•  12
    Responsibility and the Moral Sentiments
    Philosophical Quarterly 46 (185): 541-544. 1996.
  •  15
    Responsibility and the Moral Sentiments
    Ethics 106 (4): 850-853. 1994.
  •  14
    Journal of Applied Philosophy 34 (3): 429-442. 2017.
  •  58
    Philosophy and Phenomenological Research 64 (3). 2002.
    My commentators have given me much to think about, and I am grateful to them for their serious engagement with my work. Their many objections coalesce primarily around the following issues, which I shall address in turn: the normative approach; praiseworthiness; practical reason and moral reasons; physical possibility; the exercise of general powers; nomic necessity and revisionism about blame; ultimate responsibility and control.
  • Normativity and the Will. Selected Essays on Moral Psychology and Practical Reason
    Tijdschrift Voor Filosofie 68 (4): 820-822. 2006.
  •  5
    I—Duties of Love
    Aristotelian Society Supplementary Volume 86 (1): 175-198. 2012.
    A defence of the idea that there are sui generis duties of love: duties, that is, that we owe to people in virtue of standing in loving relationships with them. I contrast this non‐reductionist position with the widespread reductionist view that our duties to those we love all derive from more generic moral principles. The paper mounts a cumulative argument in favour of the non‐reductionist position, adducing a variety of considerations that together speak strongly in favour of adopting it. The …Read more
  •  291
    How to Argue about Practical Reason
    Mind 99 (395): 355-385. 1990.
    How to Argue about . Bibliographic Info. Citation. How to Argue about ; Author(s): R. Jay Wallace; Source: Mind , New Series, Vol.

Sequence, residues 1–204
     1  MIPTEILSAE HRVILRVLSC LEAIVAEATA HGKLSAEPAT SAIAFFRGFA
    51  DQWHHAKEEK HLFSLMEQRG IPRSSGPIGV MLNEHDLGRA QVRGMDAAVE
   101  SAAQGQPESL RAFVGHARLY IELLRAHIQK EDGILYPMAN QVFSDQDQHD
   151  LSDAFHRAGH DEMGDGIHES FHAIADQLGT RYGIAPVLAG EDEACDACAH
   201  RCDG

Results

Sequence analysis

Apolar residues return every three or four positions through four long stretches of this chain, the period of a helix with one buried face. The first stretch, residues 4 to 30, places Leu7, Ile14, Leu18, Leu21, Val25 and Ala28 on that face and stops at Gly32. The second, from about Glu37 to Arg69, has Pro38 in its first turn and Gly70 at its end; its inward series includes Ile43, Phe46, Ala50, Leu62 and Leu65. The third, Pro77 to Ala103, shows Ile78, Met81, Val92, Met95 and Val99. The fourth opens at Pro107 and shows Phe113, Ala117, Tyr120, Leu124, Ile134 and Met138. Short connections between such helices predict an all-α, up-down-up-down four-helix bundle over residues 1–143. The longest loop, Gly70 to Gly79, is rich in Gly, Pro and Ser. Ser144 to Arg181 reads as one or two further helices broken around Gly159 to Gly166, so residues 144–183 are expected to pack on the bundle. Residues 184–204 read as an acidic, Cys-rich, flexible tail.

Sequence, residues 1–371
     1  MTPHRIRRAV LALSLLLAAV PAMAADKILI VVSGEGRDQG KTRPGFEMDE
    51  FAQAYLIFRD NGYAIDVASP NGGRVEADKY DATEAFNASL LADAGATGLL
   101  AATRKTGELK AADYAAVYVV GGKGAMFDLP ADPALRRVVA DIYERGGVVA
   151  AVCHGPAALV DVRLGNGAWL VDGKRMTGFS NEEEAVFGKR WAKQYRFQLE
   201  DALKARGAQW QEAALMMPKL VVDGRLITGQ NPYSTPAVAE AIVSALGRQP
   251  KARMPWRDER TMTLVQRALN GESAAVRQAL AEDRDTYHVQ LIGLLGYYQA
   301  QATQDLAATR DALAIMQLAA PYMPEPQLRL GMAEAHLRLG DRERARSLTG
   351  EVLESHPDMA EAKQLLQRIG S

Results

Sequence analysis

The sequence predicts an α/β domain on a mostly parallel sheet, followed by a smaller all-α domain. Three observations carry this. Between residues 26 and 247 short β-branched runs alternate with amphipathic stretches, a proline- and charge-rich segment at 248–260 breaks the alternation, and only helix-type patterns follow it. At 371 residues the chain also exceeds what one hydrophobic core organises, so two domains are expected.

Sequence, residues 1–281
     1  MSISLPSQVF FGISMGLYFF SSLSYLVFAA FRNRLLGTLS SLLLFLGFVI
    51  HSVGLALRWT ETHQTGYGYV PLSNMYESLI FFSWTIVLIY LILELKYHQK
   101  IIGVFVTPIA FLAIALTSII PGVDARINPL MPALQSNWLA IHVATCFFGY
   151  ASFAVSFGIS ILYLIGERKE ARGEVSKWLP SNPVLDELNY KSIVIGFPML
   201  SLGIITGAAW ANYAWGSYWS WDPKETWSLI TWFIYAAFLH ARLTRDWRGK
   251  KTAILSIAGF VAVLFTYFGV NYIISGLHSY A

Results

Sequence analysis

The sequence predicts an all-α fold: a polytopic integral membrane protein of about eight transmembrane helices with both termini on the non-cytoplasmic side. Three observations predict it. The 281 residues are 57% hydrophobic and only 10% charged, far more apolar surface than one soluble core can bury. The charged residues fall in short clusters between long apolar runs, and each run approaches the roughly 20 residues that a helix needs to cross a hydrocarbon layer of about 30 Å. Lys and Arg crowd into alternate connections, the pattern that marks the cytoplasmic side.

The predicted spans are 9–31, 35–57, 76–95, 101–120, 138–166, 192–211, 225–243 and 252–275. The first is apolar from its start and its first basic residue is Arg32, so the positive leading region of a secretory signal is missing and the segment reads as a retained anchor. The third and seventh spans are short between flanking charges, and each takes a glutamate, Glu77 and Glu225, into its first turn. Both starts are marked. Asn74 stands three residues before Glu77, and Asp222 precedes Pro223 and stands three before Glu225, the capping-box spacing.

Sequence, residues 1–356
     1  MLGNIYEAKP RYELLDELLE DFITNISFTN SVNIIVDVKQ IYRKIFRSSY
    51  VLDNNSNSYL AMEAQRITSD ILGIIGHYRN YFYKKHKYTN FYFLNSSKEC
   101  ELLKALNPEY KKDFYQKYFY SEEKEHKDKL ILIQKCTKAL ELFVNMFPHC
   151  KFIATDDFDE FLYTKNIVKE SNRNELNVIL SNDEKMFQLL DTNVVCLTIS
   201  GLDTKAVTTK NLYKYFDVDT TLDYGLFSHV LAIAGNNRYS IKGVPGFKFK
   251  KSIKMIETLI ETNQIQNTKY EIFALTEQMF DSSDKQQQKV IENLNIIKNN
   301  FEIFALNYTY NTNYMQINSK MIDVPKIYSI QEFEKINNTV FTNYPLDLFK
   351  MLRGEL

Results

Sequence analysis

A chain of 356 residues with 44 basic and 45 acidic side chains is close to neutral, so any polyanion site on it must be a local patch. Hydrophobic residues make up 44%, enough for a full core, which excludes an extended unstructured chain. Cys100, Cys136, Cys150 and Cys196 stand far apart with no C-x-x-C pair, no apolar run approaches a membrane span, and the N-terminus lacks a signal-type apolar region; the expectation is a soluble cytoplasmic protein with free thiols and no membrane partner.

•  1
    This dissertation is a critical study of rationalism in ethics: the view that acting morally is a requirement of rationality, and that all agents consequently have reason to be moral. The study attempts first to reconstruct the essential elements of the rationalist approach in ethics, and then to identify the most critical obstacles in the way of that approach. By way of reconstruction, it is argued that the rationalist in ethics needs to construe rationality as a set of ideal principles or norm…Read more
  •  7
    T. L. S. Sprigge, "The Rational Foundations of Ethics" (review)
    Philosophical Quarterly 39 (57): 509. 1989.
  •  1051
    Virtue, Reason, and Principle
    Canadian Journal of Philosophy 21 (4): 469-495. 1991.
    A common strategy unites much that philosophers have written about the virtues. The strategy can be traced back at least to Aristotle, who suggested that human beings have a characteristic function or activity, and that the virtues are traits of character which enable humans to perform this kind of activity excellently or well. The defining feature of this approach is that it treats the virtues as functional concepts, to be both identified and justified by reference to some independent goal or e…Read more